Finally, HR departments should use this opportunity to remind employees about the organization’s Equal Employment Opportunity policy. There have been reports of increased harassment and discrimination of Asian employees a result of misinformation about the origins of the virus. HR departments should make it clear that the organization has zero tolerance for employees refusing to interact with colleagues and/or customers who are of Asian descent. Likewise, HR departments should take care to reiterate that discrimination because of a person’s race, color, religion, sex, national origin, age, disability or genetic information will not be tolerated. Goodwin addresses these issues in a Client Alert titled “Labor Cost Reduction Options for Employers in a Distressed Economy: The CARES Act and Other Considerations."
Communication of COVID-19 Information and Policies by HR Departments
HR departments will play a significant role in disseminating information about COVID-19 and administering workplace rules and policies aimed at reducing the spread of the virus.
Once HR departments have the proper policies in place, professionals within HR departments will need to communicate the new policies and work rules to employees. The dissemination of information will be most effective if policies related to the virus as well as federal, state and local mandates or suggestions are conveyed through multiple channels. First, policies should be put into writing and communicated to all employees via email as well as posted on an online portal accessible to all employees and/or sent in physical letters. In addition, HR departments should consider posting policies in visible areas such as lobbies, coffee areas or restrooms to ensure all employees are aware of expectations in place.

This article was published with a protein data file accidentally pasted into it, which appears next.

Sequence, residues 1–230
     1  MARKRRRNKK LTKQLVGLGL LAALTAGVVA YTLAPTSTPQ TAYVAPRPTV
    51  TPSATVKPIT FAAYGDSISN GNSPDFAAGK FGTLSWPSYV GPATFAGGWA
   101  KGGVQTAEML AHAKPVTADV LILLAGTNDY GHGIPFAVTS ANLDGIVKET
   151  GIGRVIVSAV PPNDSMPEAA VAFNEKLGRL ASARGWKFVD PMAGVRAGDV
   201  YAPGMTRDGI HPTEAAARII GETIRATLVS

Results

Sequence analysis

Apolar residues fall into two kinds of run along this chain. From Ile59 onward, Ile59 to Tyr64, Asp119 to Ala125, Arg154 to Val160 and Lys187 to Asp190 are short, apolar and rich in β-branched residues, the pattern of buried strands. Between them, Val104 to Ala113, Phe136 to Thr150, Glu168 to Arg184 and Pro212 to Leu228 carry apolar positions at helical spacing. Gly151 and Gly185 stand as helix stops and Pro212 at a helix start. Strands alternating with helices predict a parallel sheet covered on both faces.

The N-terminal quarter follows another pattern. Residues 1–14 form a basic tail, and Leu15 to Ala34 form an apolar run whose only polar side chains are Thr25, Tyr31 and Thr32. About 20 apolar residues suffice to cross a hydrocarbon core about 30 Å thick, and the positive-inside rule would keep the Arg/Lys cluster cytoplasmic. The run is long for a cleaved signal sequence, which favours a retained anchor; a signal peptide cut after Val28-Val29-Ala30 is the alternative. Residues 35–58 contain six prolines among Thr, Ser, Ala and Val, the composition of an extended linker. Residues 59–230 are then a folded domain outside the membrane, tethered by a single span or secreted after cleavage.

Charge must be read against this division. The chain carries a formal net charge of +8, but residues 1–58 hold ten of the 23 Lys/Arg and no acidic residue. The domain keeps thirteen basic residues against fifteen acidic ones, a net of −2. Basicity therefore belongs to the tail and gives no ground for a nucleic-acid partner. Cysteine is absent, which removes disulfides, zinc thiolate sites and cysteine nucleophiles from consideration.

Finally, as more and more employees work from home under stay-at-home orders, HR departments should ensure that their organizations have the most current contact information of all employees, including their home address, home or mobile telephone numbers and emergency contact information so that employees can be contacted with any updated policies or information as needed.
For a more detailed discussion on these issues, please refer to the recent Goodwin Client Alert “Preparing For Re-Entry: Key Considerations For Returning Employees To The Workplace Amid The COVID-19 Crisis" as well as the other Goodwin Client Alerts referenced above.
Please visit Goodwin’s Coronavirus Knowledge Center, where firm lawyers from across the globe are issuing new guidance and insights to help clients fully understand and assess the ramifications of COVID-19 and navigate the potential effects of the outbreak on their businesses.